When was the last time you touched a snake?
Having grown up in Florida, slithery little serpents have never really freaked me out that much, nor have bugs or even spiders, which seem to have a significantly higher “ick” factor for most people than their short-legged counterparts. But believe me when I say I’m terrified of plenty of things. Failure. Success. Public speaking. Looking stupid. Awkwardness, which makes no sense at all since I practically invented it myself. Tons of things make me want to crawl into the carpet and hide on a near-daily basis, which is why I was riveted by this particular TED Talk I stumbled across earlier this week. It was given by legendary designer David Kelley, and in it he tackled the notion of creatives vs. non-creatives and pretty much crushed the fallacy that creativity is some sort of finite, predetermined thing that’s rationed out to some of us but not to others. Even though the subject matter was specifically about finding creative confidence, I walked away from it with a fire lit underneath me about conquering fear in general.
He talked about his experiences in creative workshops with his clients — top-level executives who tend to excuse themselves from the most critical points of such meetings to “take important calls” when really, they’re simply intimidated by the creative process and secretly don’t think they’re capable of taking part in a meaningful way because they “just aren’t the creative type.” He talked about helping people build upon their successes, starting small and gaining ground over time until they become aware of their own power. He likened it rather seamlessly to the phobia treatment process established by an esteemed Stanford psychologist named Albert Bandura.
So, Bandura. This guy — yes, I’m calling him “this guy” even though his name is often bandied about alongside the likes of Freud, Jung and other high-rollers in the psych world… I call him “this guy” because he sounds like someone I would totally buy a beer if a) he’s in fact still alive and b) I were to run into him in a random bar somewhere and magically know who he was — anyway, this guy developed a methodology that cures people of their deepest fears within a matter of hours through something he termed “guided mastery.” We’ve all heard of his process — you have legitimate phobias of, say, snakes and flying, and a therapist guides you through a series of actions that bring you closer and closer to dealing with both until you realize with horror/glee that OH MY GOD YOU ARE HOLDING A MOTHERF*CKING SNAKE ON A MOTHERF*CKING PLANE AND NEITHER OF THESE TWO THINGS IS KILLING YOU. Tada! Cured. And also badass.
But really, the example Kelley gave that got deep into my bones and took up residence had to do with little kids and their fear of an MRI machine. He told a story that I hope I’ll never forget, which is partially why I’m writing about it here — for my own selfish purposes.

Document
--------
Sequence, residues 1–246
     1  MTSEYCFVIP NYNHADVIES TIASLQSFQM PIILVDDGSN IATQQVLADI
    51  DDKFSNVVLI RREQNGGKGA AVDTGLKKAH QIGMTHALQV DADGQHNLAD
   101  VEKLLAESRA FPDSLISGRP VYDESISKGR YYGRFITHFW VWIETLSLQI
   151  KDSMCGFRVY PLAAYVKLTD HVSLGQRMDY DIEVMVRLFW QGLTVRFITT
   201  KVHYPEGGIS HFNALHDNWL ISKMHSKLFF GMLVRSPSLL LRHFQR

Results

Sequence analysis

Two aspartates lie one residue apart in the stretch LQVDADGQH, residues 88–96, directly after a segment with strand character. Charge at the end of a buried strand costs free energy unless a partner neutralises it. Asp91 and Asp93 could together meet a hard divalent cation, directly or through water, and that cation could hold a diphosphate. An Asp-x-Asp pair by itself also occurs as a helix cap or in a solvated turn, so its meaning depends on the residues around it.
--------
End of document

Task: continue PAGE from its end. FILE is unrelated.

The story goes something like this: Doug Dietz, a highly technical medical imaging equipment designer with an engineering background, was standing in a hospital watching one of his MRI machines in use. Unfortunately, it involved a terrified little girl who was gravely afraid of the monstrous piece of equipment in front of her and who was rightfully pitching a royal fit about it, crying and pleading not to be forced inside. He learned that the little girl was a prime example of the typical MRI experience at that particular hospital: 80 percent of kids undergoing the MRI process there (and probably everywhere else, too) had to be sedated in order to get through it. The prospect of being put inside this godawful metallic coffin was petrifying, particularly for someone so young.
At the time, Dietz was attending Stanford’s design program and learning about things like empathic design and iterative prototyping, and thanks to the little girl, ye olde cartoon lightbulb blinked on over his head. With kids like her (i.e., kids in general) in mind, he redesigned the machine to look — convincingly, I might add — like a pirate ship. As a result, the entire imaging room now looks like something straight out of the imagination of Walt Disney himself, and the sedation rate has plummeted from 80 percent down to ten. Dietz apparently always gets choked up when he tells the story of his creative journey and its results, including the fact that he once saw a little girl finish her scan, go up to her mother and ask, “Mommy, can we come back (again) tomorrow?”
That’s the thing about overcoming scary stuff — it strengthens us and makes us more fearless over time. Bandura called the result “self efficacy,” or as Kelley describes it, “These people who had lifelong fears… ended up having less anxiety about other things in their lives; they tried harder, they persevered longer and were more resilient in the face of failure.” He explains how we walk away from conquered fears with “the sense that you can change the world — that you can attain what(ever) you set out to do.” The little kids that walk away from the “pirate ship” having totally conquered the experience… Dietz melding his technical background with newfound creativity he didn’t know he had until a child’s fear moved him to find it… even Kelley’s own bout with cancer, after which he decided to spend the rest of his days not just teaching design, but talking to large groups about the fact that we’re all capable of doing more than we realize… of creating great things… these people are all heroes in their own right. These people illustrate for me with perfect clarity just how limiting my own fears and complacency can be. These people make me want to grab a damn snake, get on a plane and go apesh*t on some pirates, like maybe even this weekend if I can find a coachwhip and a decent fare.
Screw fear. Screw intimidation.
I’m ready to rumble.